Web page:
1 Philippine Peso = 0.14027 Guatemala Quetzal
1 Philippine Peso = 3.93289 Guyana Dollar
1 Philippine Peso = 0.15004 Hong Kong Dollar
1 Philippine Peso = 0.45428 Honduras Lempira
1 Philippine Peso = 0.11999 Croatian Kuna
1 Philippine Peso = 1.19751 Haiti Gourde
1 Philippine Peso = 5.1499 Hungarian Forint
1 Philippine Peso = 271.08987 Indonesian Rupiah
1 Philippine Peso = 0.06827 Israeli Shekel
1 Philippine Peso = 1.30228 Indian Rupee
1 Philippine Peso = 22.63862 Iraqi Dinar
1 Philippine Peso = 804.0153 Iran Rial
1 Philippine Peso = 1.99809 Iceland Krona
1 Philippine Peso = 2.38145 Jamaican Dollar
1 Philippine Peso = 0.0135 Jordanian Dinar
1 Philippine Peso = 2.12293 Japanese Yen
1 Philippine Peso = 1.91587 Kenyan Shilling
1 Philippine Peso = 1.30863 Kyrgyzstan Som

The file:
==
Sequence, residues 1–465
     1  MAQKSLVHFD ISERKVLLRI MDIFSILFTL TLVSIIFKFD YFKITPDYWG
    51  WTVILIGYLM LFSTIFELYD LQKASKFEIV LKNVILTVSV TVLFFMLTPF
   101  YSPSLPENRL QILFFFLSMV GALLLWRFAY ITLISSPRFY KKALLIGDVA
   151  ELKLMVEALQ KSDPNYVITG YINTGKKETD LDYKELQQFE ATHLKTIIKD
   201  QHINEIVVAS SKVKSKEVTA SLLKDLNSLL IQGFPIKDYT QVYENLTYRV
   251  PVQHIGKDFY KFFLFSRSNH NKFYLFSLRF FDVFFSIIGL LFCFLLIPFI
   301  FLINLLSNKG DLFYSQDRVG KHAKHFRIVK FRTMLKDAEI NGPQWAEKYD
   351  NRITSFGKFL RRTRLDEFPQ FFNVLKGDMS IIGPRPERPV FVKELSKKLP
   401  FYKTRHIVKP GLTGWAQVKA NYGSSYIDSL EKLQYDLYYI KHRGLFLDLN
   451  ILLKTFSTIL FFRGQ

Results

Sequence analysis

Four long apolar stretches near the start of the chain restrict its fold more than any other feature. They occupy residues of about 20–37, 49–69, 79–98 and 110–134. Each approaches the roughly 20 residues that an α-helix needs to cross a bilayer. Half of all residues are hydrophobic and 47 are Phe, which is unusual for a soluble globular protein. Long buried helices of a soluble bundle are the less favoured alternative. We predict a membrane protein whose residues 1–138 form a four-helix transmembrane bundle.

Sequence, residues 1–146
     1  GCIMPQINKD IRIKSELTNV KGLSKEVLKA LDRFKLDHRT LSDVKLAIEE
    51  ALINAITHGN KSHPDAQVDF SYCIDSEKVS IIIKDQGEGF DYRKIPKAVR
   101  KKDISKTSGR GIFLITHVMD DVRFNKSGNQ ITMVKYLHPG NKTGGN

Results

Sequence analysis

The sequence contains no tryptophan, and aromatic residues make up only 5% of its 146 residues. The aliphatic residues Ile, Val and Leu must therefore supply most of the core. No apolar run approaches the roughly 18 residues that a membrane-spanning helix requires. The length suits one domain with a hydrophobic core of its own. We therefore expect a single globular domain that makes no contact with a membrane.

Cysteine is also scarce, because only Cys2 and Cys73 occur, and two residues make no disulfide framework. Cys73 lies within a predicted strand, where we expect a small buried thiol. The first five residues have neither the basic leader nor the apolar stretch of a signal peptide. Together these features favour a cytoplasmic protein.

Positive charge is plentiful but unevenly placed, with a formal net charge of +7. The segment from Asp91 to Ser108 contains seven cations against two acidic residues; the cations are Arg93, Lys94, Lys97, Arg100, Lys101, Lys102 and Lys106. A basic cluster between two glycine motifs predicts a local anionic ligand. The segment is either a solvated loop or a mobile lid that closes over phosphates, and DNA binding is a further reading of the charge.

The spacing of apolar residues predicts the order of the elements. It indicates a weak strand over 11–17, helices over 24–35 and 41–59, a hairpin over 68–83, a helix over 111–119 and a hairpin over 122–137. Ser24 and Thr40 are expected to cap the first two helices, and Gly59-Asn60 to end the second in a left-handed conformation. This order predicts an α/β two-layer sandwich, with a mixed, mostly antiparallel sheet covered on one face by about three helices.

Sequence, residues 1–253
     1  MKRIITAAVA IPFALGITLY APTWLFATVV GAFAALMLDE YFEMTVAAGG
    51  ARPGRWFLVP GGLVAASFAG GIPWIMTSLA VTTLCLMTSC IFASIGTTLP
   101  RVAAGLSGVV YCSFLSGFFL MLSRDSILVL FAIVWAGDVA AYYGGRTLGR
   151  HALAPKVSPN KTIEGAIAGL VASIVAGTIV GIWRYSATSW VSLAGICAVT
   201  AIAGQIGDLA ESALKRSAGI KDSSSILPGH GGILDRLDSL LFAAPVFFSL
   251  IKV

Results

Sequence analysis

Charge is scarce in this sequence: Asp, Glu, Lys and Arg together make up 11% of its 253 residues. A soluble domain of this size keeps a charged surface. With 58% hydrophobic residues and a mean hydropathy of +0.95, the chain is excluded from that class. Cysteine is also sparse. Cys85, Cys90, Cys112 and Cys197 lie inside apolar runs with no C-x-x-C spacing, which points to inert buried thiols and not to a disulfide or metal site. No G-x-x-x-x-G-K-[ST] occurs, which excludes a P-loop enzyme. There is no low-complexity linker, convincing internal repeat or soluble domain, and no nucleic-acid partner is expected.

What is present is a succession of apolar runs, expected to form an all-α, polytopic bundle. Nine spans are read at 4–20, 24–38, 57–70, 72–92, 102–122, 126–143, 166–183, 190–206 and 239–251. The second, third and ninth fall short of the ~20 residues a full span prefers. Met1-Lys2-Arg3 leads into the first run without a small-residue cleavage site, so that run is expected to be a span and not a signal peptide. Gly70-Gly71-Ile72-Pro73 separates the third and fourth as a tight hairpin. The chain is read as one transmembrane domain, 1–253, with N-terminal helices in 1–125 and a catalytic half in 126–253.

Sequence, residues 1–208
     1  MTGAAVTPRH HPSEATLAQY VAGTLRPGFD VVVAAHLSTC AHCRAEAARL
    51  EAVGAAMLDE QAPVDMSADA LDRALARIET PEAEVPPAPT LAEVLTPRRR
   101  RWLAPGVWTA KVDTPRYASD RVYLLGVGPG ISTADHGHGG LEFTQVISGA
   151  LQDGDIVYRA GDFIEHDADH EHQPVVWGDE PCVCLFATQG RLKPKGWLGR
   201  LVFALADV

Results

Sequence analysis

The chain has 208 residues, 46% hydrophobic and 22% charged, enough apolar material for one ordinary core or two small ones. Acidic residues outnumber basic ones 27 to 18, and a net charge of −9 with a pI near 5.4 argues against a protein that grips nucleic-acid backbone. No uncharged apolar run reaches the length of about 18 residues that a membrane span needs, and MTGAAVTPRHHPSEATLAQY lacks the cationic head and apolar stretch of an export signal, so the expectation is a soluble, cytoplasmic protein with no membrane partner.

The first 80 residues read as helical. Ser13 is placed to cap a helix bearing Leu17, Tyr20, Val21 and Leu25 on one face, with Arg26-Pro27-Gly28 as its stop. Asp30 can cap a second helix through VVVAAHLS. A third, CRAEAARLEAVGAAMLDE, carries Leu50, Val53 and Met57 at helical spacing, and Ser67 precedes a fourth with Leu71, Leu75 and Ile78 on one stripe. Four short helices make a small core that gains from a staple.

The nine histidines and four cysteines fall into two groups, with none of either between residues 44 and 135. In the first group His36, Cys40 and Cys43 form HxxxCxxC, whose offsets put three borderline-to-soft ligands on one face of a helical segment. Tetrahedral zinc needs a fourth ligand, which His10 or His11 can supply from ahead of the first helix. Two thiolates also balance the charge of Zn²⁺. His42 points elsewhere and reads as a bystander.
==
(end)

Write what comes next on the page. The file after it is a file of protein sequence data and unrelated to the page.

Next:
1 Philippine Peso = 77.2065 Cambodia Riel
1 Philippine Peso = 7.91109 Comoros Franc
1 Philippine Peso = 17.20841 North Korean Won
1 Philippine Peso = 20.57725 Korean Won
1 Philippine Peso = 0.00577 Kuwaiti Dinar
1 Philippine Peso = 0.01568 Cayman Islands Dollar
1 Philippine Peso = 6.29369 Kazakhstan Tenge
1 Philippine Peso = 159.08222 Lao Kip
1 Philippine Peso = 28.77629 Lebanese Pound
1 Philippine Peso = 3.0153 Sri Lanka Rupee
1 Philippine Peso = 2.55793 Liberian Dollar
1 Philippine Peso = 0.24207 Lesotho Loti
1 Philippine Peso = 0.05829 Lithuanian Lita
1 Philippine Peso = 0.01187 Latvian Lat
1 Philippine Peso = 0.02595 Libyan Dinar
1 Philippine Peso = 0.18017 Moroccan Dirham
1 Philippine Peso = 0.31807 Moldovan Leu
1 Philippine Peso = 0.99293 Macedonian Denar
1 Philippine Peso = 25.85086 Myanmar Kyat
1 Philippine Peso = 45.83174 Mongolian Tugrik
1 Philippine Peso = 0.15455 Macau Pataca
1 Philippine Peso = 6.76864 Mauritania Ougulya
1 Philippine Peso = 0.65679 Mauritius Rupee
1 Philippine Peso = 0.29771 Maldives Rufiyaa
1 Philippine Peso = 13.64149 Malawi Kwacha
1 Philippine Peso = 0.37878 Mexican Peso